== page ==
Bill prohibiting sanctuary campuses moves to Indiana House

A bill meant to require Indiana colleges and universities to comply with federal immigration investigations has passed the Senate, though concerns remain about the policy’s implication on Indiana campuses.

Through Senate Bill 423, Sen. Mike Young, R-Indianapolis, and Sen. Mike Delph, R-Carmel, the two main authors, said they are seeking to fill a gap in existing Indiana law, which prohibits “governmental entities” from adopting sanctuary city policies and instead requires them to comply with federal immigration investigations. That law did not include state-supported universities on its list of governmental entities, Young said, so the intent of SB423 is to bring those schools into the same compliance.

Originally, SB423 included Ball State, Indiana, Indiana State, Purdue and Vincennes universities, the University of Southern Indiana and Ivy Tech Community College, though it was later amended to also include private schools that receive state or federal funds. The bill was plagued by concerns from both residents and lawmakers from committee to the Senate floor, and now that it has passed its first chamber, immigration attorneys are expressing concern over what SB423 might mean for undocumented students.

From his perspective, Steve Tuchman, a director at Lewis & Kappes whose practice focuses primarily on immigration law, said SB423 is an unnecessary example of state legislative overreach. The federal government has its own policies in place to ensure that the Department of Homeland Security and other similar organizations can obtain the information they need to proceed with immigration investigations, so Tuchman said it “boggles his mind” that the state of Indiana would try to do the federal government’s job on its own terms.

“They (the federal government) don’t need, nor is the state of Indiana permitted to, do it for them,” Tuchman said.

Both he and Geoff Heeren, director of the Immigration Law Clinic at the Valparaiso School of Law, said they were particularly struck by the extension of the policy to also include private institutions receiving federal funds. “Federal funding” is not defined in the bill, Heeren said, though it could possibly include something as ubiquitous as federal financial aid, which could implicate nearly every private institution in the state.

Although he has not heard students on Valparaiso’s campus voice concerns specifically about the bill, Heeren said he has heard repeated concerns about whether changes in the national immigration landscape could threaten their undocumented classmates’ educations.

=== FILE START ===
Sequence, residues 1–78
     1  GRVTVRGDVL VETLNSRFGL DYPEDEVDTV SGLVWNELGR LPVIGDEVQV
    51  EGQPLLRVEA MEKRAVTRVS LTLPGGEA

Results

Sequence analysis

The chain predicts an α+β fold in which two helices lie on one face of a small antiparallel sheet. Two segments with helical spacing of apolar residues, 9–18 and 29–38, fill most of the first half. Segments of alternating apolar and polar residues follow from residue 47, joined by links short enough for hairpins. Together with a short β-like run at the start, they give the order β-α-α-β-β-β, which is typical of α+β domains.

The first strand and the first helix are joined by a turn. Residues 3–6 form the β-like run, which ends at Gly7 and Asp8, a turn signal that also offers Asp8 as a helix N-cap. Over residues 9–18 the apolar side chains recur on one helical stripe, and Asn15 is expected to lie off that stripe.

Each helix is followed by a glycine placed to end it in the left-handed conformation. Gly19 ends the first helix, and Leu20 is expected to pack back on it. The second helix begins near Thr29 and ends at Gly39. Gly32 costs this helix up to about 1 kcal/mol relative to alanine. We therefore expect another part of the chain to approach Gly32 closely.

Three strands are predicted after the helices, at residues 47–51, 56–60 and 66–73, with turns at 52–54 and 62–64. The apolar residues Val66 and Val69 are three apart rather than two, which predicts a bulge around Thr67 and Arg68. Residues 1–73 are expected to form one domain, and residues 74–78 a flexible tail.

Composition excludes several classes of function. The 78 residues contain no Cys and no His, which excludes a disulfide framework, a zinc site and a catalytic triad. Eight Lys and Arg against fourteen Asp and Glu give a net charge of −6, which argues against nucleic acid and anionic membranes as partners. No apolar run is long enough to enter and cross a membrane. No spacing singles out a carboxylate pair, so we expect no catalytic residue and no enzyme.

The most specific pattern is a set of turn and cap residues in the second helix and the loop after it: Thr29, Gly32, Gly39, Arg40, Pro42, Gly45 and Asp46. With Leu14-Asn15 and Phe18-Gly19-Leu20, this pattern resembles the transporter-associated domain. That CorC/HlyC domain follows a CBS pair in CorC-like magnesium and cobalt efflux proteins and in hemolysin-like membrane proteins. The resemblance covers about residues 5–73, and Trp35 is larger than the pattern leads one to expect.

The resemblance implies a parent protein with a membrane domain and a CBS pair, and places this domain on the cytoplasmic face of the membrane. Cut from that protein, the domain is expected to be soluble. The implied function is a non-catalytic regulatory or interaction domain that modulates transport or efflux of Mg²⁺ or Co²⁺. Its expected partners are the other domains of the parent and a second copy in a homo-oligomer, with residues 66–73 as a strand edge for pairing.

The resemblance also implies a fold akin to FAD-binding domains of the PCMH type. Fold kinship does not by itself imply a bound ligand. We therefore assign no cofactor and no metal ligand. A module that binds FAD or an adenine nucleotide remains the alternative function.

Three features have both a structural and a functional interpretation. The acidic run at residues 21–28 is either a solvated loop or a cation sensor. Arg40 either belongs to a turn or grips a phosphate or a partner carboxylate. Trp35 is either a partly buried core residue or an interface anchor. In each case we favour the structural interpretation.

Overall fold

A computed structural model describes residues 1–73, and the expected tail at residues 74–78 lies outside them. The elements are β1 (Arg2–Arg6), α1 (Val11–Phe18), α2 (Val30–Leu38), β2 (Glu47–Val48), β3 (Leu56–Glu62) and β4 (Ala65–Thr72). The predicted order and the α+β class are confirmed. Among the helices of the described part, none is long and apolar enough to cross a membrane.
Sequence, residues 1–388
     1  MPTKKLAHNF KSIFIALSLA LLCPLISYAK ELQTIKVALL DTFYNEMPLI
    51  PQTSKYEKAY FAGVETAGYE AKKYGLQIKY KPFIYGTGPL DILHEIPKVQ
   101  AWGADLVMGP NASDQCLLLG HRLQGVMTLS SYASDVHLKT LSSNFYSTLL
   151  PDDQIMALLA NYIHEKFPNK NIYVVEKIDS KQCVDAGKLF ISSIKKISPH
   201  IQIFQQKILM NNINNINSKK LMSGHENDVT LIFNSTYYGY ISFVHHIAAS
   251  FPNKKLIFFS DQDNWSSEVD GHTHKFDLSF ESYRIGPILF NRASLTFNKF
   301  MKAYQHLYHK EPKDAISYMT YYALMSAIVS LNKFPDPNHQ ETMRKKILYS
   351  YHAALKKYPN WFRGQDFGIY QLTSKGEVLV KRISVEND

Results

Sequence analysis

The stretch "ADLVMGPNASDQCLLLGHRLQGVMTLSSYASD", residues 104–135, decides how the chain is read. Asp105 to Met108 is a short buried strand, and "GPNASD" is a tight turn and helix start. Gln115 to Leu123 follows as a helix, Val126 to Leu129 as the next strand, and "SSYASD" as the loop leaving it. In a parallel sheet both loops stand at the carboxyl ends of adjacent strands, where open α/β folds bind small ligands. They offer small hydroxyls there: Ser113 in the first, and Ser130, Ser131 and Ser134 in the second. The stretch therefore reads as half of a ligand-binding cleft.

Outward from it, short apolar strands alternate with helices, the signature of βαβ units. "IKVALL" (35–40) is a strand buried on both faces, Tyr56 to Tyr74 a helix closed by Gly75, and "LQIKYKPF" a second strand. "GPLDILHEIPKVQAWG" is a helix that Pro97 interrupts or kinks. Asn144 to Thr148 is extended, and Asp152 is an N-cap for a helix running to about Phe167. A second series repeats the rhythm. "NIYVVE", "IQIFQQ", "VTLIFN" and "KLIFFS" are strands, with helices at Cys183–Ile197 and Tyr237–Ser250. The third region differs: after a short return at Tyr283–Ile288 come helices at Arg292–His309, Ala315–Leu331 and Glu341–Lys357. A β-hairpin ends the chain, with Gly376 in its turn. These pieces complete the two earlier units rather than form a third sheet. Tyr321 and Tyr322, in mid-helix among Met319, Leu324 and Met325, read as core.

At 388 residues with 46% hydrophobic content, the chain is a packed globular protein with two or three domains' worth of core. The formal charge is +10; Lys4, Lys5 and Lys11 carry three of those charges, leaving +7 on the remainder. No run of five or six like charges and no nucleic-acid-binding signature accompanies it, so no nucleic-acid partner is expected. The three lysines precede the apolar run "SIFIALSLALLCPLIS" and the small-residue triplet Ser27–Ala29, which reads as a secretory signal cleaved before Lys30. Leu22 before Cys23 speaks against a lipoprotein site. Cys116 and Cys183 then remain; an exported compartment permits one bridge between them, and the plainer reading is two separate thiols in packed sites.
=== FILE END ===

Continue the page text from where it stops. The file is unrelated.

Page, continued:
“I think universities hold a unique place in society, and at places of higher education, particularly at the age of undergraduate students, in order to learn they need to be in a safe learning environment,” Heeren said. “Having immigration agents patrolling campuses is not consistent with a safe learning environment.”

Tuchman voiced a similar sentiment, and questioned whether Indiana wants to open its post-secondary campuses up to “raids” searching for undocumented students, especially if those students have been invited to enroll in the school.

Young faced similar arguments during hearings on SB423, but noted that his bill carves out exceptions for students allowed to remain in the United States through the Deferred Action for Childhood Arrivals, or DACA, federal legislation, and for undocumented students permitted to pay in-state tuition at Indiana universities.

Heeren, however, said he was not comforted by those exceptions and instead noted that immigration law, including DACA, is complex. For example, some undocumented students can have quasi-status or could have pending applications for asylum or another type of visa. University officials should not be put in the position of having to assess those various immigration statuses, he said.

Tuchman further noted a large portion, if not the majority, of undocumented students are DACA students, so in that regard SB423 is once again an example of state overreach into an existing federal policy.

But throughout hearings in the Senate at both the committee and floor level, Young repeated that the bill was about not giving state governmental entities, colleges and universities included, the freedom to decide which laws they do or do not want to follow.

The bill passed the Senate 35-15 and is now headed to the House floor.

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